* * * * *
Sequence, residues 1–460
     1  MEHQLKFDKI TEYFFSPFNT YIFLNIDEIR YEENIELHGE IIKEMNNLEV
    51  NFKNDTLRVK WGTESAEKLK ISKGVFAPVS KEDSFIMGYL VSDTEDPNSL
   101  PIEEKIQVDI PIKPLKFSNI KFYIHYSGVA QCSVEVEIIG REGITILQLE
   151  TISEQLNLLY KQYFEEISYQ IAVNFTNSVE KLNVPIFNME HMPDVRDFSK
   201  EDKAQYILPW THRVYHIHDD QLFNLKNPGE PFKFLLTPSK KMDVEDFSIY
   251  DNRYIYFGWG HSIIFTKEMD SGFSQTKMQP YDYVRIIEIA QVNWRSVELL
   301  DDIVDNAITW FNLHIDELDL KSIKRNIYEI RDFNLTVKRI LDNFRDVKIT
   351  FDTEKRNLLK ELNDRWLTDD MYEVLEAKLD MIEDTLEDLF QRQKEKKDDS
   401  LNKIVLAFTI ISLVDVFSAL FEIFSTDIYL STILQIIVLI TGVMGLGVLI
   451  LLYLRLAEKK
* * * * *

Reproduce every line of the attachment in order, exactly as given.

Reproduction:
Sequence, residues 1–460
     1  MEHQLKFDKI TEYFFSPFNT YIFLNIDEIR YEENIELHGE IIKEMNNLEV
    51  NFKNDTLRVK WGTESAEKLK ISKGVFAPVS KEDSFIMGYL VSDTEDPNSL
   101  PIEEKIQVDI PIKPLKFSNI KFYIHYSGVA QCSVEVEIIG REGITILQLE
   151  TISEQLNLLY KQYFEEISYQ IAVNFTNSVE KLNVPIFNME HMPDVRDFSK
   201  EDKAQYILPW THRVYHIHDD QLFNLKNPGE PFKFLLTPSK KMDVEDFSIY
   251  DNRYIYFGWG HSIIFTKEMD SGFSQTKMQP YDYVRIIEIA QVNWRSVELL
   301  DDIVDNAITW FNLHIDELDL KSIKRNIYEI RDFNLTVKRI LDNFRDVKIT
   351  FDTEKRNLLK ELNDRWLTDD MYEVLEAKLD MIEDTLEDLF QRQKEKKDDS
   401  LNKIVLAFTI ISLVDVFSAL FEIFSTDIYL STILQIIVLI TGVMGLGVLI
   451  LLYLRLAEKK